Malaysia: Statement from Sisters in Islam
Such violent acts only give a bad image of Muslims and Malaysian society surely does not tolerate these extremist or terrorist actions.
Government leaders should have helped to allay the fears of Muslims by giving proper explanations to the public. If the government anticipated any untoward incidents, the government should have taken the necessary measures to ensure the forum could proceed smoothly without any disruptions.
The police should not have bowed to the aggressive tactics that forced for the abrupt termination of a peaceful and mature dialogue.
The Muslim NGOs and political parties that caused the cancellation of the forum should realize that there were many Muslim lawyers and Muslim participants who supported the dialogue and did not regard the forum as insulting or challenging Islam.
The Malaysian Bar Council has duly informed several religious bodies about the forum. In fact, two religious officers – Tuan Dr. Haji Naim Haji Mokhtar (Syarie Prosecutor for federal territory's Islamic Affairs Department & former Syariah High Court judge) and Dr. Wan Azhar Wan Ahmad (Director of the Syariah Law and Political Science Centre / Senior Fellow of the Institute for Islamic Understanding of Malaysia (IKIM)) have initially agreed to be the panelists for the said forum. It was unfortunate that both pulled out at the eleventh hour.
The fact was that based on the programme, three of the five panelists were Muslims.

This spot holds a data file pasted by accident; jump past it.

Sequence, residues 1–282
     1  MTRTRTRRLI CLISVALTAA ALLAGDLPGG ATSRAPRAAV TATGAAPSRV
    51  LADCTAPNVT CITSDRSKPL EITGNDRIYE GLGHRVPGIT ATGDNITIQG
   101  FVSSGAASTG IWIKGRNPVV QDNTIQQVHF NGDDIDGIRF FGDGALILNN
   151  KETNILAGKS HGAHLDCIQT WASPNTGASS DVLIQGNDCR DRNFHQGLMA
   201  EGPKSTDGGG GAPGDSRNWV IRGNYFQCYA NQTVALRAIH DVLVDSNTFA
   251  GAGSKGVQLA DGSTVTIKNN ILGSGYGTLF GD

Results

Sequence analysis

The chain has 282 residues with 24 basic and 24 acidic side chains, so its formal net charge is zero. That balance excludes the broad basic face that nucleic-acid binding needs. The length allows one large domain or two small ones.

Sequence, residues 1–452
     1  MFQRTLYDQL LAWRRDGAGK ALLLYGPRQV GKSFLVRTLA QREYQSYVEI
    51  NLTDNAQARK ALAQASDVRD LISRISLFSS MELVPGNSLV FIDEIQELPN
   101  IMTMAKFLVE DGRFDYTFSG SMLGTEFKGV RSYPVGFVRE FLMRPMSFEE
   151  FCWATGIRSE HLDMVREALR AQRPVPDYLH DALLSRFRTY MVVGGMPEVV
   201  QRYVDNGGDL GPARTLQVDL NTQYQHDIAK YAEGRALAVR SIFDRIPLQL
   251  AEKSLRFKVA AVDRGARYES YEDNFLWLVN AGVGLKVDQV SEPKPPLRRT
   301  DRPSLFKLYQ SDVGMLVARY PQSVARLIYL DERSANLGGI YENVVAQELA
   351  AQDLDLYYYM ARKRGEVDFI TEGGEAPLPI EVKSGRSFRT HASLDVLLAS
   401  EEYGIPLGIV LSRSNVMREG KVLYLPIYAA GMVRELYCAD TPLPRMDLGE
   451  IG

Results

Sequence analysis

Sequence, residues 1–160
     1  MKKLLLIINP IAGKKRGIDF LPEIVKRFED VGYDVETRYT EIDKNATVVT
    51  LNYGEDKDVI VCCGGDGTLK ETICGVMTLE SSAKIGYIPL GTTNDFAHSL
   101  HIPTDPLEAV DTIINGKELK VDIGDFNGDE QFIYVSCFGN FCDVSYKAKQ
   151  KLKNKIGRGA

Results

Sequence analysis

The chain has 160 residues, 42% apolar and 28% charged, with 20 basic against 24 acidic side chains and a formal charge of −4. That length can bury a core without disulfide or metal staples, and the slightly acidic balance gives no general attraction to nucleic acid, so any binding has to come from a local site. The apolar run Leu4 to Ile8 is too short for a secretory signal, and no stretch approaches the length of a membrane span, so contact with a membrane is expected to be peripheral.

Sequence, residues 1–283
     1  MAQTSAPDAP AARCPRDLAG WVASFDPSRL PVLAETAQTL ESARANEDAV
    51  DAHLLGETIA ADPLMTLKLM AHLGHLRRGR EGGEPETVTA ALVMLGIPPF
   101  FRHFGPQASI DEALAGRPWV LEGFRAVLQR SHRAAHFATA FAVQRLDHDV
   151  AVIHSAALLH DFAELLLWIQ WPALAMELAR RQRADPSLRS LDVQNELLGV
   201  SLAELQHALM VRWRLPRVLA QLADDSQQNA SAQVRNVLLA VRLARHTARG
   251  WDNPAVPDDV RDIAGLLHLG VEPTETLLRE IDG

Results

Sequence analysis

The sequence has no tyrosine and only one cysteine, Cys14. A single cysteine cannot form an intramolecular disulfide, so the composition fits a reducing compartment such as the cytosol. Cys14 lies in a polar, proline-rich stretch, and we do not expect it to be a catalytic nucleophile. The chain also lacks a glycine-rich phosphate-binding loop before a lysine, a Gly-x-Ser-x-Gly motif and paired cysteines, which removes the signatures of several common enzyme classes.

SIS is of the position that Malaysian citizens have every right to discuss any national laws and policies that affect the rights of the people. In view that the Shamala and Subashini cases impact on the rights of non-Muslim spouses, non-Muslims have every right to discuss how to deal with conflicts in matrimonial and family matters such as divorce, alimony, custody and maintenance.
At the same time, the media reported an inter-faith dialogue organized in Universiti Malaya at the end of July 2008, amongst the government religious agencies, academicians, the Allied Coordinating Committee of Islamic NGOs (ACCIN) and the Malaysian Consultative Council of Buddhism, Christianity,Hinduism, Sikhism and Taoism (MCCBCHST). Amongst the resolutions was for more dialogues to be held in discussing inter-religious issues in Malaysia including apostasy, conversion to Islam and its impact on matrimonial and family matters such as divorce, alimony, custody and maintenance.
SIS thus is at a loss at to why the government, political parties and the Muslim NGOs did not support the dialogue organized by the Bar Council.
SIS is disappointed that political parties which have been championing human rights, the voice of the people and citizens' rights in airing their opinions etc, have obviously failed in practicing what they preach; in fact, they have acted against their own manifesto promised to the people in the last General Elections.
SIS hopes for all parties to respect the rights of all Malaysians in airing their views on issues that affect citizens' rights."
11 August 2008
Source: Sisters in Islam
Malaysia: Perspectives: The Subashini case
7/01/2008: News and commentary on a Hindu woman, Subashini, who launched an appeal after being told to go to the 'Syariah Court' in her dispute with her Muslim convert husband over her matrimonial and custodial rights. (Malaysian Bar / Malaysiakini / NST)
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